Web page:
ERIC Number: ED215307
Record Type: Non-Journal
Publication Date: 1982-Feb
Reference Count: N/A
A Context for Instructional Research on Reading Comprehension.
Pearson, P. David
Cognitive research of the 1970s has shown that both content factors (topical world knowledge and knowledge about textual organization) and process factors (attention, encoding, inference, retrieval, and executive monitoring) influence comprehension. Classroom research during the same decade has shown that the greater the proportion of time students spend on a task, the better their performance on the task; content covered tends to be positively related to achievement; that error rate seems to add a significant amount of power in predicting achievement above and beyond engagement and content covered; and that group instruction (particularly small group instruction) is consistently associated with positive gains in achievement. The research surveying current practices for teaching reading comprehension, however, is limited to two studies by D. Durkin that showed virtually no direct instruction in comprehension. Other recent studies have evaluated the effects of direct explicit attempts to help students develop heuristic strategies (if not rules) for dealing with a range of comprehension tasks typically required in schools. These data suggest comprehension skills can be taught. Future research should focus on explicit attempts to help students develop independent strategies for coping with the kinds of comprehension problems they are asked to solve in school. Current knowledge of basic comprehension processes and instruction, while not complete, is sufficient to allow its application to issues of reading comprehension instruction. (HOD)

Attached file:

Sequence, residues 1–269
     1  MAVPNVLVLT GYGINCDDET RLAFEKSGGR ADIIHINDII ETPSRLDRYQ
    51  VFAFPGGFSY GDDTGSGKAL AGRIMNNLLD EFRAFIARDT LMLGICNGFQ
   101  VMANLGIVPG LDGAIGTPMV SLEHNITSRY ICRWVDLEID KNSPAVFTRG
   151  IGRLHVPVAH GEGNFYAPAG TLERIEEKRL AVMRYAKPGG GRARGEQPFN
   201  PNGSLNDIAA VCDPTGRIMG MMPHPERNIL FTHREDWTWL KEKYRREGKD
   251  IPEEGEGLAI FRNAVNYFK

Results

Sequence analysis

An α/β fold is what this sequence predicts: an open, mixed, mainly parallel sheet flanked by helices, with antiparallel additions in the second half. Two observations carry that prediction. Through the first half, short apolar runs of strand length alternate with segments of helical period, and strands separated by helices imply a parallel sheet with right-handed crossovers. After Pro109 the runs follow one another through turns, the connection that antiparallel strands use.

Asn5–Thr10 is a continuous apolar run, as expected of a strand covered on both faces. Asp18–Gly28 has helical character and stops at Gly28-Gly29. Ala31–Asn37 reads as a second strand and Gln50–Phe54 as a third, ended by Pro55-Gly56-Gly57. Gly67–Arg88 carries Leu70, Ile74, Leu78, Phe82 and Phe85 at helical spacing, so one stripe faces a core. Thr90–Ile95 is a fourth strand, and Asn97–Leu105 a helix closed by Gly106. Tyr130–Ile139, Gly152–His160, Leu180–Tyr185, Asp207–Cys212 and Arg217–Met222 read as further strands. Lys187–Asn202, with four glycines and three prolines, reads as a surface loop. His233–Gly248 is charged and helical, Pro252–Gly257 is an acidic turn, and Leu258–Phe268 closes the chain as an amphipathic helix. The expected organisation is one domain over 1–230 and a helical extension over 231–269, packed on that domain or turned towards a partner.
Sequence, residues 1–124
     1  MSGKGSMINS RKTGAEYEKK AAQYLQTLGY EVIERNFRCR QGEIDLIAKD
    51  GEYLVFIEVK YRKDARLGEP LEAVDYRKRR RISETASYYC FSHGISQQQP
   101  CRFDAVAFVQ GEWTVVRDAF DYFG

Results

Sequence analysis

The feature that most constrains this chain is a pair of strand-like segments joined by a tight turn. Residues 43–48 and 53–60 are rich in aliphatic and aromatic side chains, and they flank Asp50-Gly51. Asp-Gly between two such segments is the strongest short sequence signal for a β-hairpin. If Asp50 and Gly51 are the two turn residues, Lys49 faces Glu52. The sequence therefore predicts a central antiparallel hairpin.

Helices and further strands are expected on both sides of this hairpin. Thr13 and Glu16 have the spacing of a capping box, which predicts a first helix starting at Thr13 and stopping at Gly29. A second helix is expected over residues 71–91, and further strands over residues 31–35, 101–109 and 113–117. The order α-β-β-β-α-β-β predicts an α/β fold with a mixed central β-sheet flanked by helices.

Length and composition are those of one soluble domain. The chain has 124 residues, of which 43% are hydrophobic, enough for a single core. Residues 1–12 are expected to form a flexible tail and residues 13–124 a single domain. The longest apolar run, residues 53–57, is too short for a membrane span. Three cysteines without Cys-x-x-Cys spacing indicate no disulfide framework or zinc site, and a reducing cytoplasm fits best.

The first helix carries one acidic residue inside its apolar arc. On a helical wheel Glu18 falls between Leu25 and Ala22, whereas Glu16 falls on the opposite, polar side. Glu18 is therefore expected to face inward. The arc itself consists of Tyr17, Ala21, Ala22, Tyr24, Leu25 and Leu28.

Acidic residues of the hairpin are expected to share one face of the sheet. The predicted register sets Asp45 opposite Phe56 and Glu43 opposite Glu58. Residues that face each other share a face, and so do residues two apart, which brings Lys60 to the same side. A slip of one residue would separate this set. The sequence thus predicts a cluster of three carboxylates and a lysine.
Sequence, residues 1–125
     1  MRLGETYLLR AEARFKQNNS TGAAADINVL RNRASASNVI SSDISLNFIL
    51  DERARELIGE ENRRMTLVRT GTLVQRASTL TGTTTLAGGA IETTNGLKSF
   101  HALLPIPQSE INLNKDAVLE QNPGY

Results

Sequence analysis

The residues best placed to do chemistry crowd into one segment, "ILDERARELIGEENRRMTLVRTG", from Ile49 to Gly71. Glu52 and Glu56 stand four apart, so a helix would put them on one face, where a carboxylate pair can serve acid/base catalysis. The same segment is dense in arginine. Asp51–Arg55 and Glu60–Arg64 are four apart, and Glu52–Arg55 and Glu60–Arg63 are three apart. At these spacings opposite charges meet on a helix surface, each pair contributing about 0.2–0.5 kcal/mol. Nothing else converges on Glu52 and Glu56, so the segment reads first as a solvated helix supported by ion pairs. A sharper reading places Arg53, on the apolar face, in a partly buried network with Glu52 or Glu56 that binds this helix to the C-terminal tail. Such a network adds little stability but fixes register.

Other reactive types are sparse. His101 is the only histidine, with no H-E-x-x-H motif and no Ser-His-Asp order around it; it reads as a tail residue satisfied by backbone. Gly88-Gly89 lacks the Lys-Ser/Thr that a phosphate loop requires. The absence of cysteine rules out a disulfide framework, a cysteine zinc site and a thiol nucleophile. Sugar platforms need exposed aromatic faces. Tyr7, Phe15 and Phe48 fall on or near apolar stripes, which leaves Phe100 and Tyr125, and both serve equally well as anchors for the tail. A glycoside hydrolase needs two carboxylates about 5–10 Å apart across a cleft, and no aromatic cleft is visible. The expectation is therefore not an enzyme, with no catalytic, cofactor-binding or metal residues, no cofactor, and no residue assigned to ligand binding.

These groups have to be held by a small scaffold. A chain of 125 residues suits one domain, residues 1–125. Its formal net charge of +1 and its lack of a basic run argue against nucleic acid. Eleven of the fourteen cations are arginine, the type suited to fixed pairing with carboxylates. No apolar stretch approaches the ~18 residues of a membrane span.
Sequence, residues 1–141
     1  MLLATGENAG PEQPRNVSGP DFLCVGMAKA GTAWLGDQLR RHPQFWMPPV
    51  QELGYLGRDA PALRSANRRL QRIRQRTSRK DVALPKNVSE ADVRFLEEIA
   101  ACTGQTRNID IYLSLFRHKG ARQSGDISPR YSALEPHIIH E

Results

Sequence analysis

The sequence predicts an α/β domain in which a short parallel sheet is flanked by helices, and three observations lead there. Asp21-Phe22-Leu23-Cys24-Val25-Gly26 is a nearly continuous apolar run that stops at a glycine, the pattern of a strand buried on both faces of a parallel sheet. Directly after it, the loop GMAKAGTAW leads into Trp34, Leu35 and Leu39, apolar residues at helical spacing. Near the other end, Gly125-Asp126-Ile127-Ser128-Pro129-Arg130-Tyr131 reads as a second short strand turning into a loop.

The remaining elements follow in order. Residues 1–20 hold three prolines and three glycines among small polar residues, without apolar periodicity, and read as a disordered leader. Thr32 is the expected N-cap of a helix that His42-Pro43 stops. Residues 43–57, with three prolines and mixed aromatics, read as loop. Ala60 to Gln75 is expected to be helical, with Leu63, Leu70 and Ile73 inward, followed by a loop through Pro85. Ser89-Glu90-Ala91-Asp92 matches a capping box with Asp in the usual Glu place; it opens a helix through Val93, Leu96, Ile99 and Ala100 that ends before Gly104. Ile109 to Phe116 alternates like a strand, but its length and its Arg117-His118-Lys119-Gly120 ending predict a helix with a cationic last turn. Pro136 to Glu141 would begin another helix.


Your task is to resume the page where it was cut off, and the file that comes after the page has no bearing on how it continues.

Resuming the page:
Publication Type: Information Analyses; Reports - Research
Education Level: N/A
Sponsor: National Inst. of Education (ED), Washington, DC.
Authoring Institution: Illinois Univ., Urbana. Center for the Study of Reading.; Bolt, Beranek and Newman, Inc., Cambridge, MA.